Abortion foes to say exorcism prayers at clinic


From DDL
By Tom Beyerlein

Anti-abortion activists have been holding prayer vigils outside a Kettering abortion clinic for decades, but on Sunday they plan to up the ante by saying prayers of exorcism.

The Rev. Steve J. Angi, chancellor of the Roman Catholic Archdiocese of Cincinnati, has given permission for priests to say exorcism prayers at a 2 p.m. rally outside the Women’s Med Center, 1401 E. Stroop Road, the Miami Valley’s only abortion clinic. The clinic is closed on Sundays.

Ruth Reddens, an organizer of the 40 Days for Life campaign that plans the vigil, sought Angi’s permission to perform the “exorcism of locality,” designed to drive evil out of a place, rather than out of a person. “Hopefully, the spiritual battle will be won,” she said.

Officials of the Women’s Med Center did not return a phone message seeking comment.

Rick Pender, spokesman for Planned Parenthood of Southwest Ohio, which refers local women for abortions and performs abortions at a clinic in Cincinnati, said, “This is America — people have a right to free speech. We don’t agree that we’re doing something evil. We’re providing a service that is needed and appreciated by a lot of people.”

Participants will be reading the Prayer to St. Michael the Archangel, written by Pope Leo XIII in 1886. It reads, in part, “Seize the dragon, the ancient serpent, which is the devil and Satan, bind him and cast him into the bottomless pit, that he may no longer seduce the nations.”

“This (prayer) is said over a place that’s infested with the evil spirit, to remove any evil that might happen to be there,” said the Rev. Earl Fernandes, dean of the Athenaeum of Ohio seminary in Cincinnati.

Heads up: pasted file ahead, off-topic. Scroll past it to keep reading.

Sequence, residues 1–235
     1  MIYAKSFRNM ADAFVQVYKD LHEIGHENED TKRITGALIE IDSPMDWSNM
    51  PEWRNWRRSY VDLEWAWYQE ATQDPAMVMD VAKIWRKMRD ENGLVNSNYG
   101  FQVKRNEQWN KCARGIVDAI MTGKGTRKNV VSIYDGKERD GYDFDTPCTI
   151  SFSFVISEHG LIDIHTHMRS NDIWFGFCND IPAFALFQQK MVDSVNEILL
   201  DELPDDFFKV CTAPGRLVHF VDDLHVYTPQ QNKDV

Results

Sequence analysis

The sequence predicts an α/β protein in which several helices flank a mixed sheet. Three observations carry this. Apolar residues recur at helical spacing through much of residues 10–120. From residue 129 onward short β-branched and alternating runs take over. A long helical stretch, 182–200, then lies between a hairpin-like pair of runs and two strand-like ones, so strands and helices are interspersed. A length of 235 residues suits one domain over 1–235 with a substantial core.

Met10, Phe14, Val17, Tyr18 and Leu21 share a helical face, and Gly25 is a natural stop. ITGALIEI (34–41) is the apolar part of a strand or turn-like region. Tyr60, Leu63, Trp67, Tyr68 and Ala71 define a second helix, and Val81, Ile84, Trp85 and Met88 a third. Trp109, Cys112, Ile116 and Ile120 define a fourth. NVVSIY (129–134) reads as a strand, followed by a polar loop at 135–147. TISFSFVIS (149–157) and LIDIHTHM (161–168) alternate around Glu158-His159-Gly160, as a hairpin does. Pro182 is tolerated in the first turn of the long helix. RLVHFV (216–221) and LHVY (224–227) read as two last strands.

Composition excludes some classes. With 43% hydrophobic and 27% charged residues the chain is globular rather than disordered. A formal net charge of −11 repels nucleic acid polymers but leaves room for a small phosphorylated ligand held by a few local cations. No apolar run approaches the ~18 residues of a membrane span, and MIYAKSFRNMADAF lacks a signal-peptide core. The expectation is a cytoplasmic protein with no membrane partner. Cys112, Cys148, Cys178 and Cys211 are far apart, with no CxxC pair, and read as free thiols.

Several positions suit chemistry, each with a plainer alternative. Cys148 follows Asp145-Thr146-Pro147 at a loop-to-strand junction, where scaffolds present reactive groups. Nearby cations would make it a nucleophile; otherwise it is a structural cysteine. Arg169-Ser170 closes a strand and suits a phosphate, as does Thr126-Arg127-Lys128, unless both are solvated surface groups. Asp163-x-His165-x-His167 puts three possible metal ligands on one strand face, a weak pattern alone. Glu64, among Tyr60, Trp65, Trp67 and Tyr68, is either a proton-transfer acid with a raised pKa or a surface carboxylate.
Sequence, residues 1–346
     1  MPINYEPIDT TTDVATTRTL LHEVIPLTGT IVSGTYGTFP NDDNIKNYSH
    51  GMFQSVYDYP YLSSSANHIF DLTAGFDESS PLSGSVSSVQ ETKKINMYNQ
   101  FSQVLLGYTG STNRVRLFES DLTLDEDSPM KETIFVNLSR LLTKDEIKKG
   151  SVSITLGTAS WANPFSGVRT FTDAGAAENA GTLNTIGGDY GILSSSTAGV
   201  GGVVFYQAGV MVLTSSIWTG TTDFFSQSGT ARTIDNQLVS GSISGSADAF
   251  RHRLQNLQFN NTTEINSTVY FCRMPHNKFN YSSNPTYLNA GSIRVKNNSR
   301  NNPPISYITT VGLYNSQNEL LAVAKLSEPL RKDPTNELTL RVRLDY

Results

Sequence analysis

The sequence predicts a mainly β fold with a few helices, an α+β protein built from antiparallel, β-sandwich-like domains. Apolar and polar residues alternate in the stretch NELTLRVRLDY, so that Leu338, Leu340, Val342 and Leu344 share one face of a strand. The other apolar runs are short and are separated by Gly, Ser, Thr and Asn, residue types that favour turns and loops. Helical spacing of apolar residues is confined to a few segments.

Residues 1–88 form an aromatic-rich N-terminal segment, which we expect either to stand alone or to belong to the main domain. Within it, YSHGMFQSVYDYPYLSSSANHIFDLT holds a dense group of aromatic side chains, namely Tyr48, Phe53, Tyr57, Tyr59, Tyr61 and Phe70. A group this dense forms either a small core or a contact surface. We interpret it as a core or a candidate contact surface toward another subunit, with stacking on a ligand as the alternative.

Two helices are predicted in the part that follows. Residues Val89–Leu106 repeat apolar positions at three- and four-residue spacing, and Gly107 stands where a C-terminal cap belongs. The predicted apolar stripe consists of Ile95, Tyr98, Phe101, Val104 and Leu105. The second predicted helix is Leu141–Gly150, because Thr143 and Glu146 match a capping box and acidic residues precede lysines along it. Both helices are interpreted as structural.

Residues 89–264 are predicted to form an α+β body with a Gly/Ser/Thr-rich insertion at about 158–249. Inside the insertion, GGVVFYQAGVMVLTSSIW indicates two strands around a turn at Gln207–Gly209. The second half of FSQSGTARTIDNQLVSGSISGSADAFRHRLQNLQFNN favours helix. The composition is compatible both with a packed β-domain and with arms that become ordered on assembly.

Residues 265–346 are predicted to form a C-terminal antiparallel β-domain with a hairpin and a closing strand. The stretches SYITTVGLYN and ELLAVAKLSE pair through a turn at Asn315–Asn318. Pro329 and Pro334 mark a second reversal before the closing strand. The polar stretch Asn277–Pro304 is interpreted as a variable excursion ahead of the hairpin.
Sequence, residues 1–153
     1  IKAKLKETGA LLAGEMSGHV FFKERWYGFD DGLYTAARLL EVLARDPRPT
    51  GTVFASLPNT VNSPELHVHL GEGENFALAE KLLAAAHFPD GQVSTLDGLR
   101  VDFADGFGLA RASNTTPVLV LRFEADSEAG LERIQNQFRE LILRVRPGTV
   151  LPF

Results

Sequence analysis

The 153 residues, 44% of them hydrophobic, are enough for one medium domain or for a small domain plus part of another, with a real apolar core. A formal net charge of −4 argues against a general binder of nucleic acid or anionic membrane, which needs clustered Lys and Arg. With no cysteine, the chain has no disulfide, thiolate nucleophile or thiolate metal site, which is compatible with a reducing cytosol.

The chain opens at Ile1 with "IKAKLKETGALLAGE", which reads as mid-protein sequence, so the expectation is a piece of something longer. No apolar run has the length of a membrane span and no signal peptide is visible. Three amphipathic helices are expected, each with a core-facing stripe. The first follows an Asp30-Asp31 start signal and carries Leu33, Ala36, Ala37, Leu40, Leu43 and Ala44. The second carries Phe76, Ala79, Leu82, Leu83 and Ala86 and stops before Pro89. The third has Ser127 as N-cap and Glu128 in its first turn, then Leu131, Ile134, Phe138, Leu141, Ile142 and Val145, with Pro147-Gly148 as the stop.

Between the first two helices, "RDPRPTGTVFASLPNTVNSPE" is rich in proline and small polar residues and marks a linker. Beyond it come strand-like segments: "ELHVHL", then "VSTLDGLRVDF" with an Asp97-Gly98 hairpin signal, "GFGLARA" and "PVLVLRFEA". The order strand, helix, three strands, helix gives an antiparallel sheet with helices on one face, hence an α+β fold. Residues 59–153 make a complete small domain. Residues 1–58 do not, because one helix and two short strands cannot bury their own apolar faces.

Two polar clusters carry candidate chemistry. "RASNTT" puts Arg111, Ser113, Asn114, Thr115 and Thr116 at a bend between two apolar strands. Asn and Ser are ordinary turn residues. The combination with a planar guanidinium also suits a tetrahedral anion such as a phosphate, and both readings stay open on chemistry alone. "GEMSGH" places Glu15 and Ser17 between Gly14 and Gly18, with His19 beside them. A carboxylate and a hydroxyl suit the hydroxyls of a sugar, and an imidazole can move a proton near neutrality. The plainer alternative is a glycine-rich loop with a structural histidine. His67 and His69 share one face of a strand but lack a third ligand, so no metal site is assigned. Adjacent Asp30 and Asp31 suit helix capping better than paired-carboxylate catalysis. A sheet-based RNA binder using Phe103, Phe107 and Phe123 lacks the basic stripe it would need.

He said it’s one of the minor exorcisms in Catholic tradition, meant to “turn people away from sin and toward the Holy Spirit.”

Deddens got the idea of using exorcism prayers from a similar vigil in Rockford, Ill., in 2009. Some said the prayers led to the January decision to close Rockford’s abortion clinic, which had been cited for health and safety violations.

Sunday’s prayer vigil, open to people of all faiths, comes at a time when women’s reproductive issues have taken center stage in the national political debate. Deddens said she also is helping to organize a rally at the Dayton Federal Building on March 23 to protest what conservatives see as infringement of the religious freedom of Catholic employers contained in President Barack Obama’s health care reform plan, which requires that insurance cover contraceptives.

“We’re all Catholic now,” Deddens said. “Everybody needs to stand for freedom or they’re coming for you next.”


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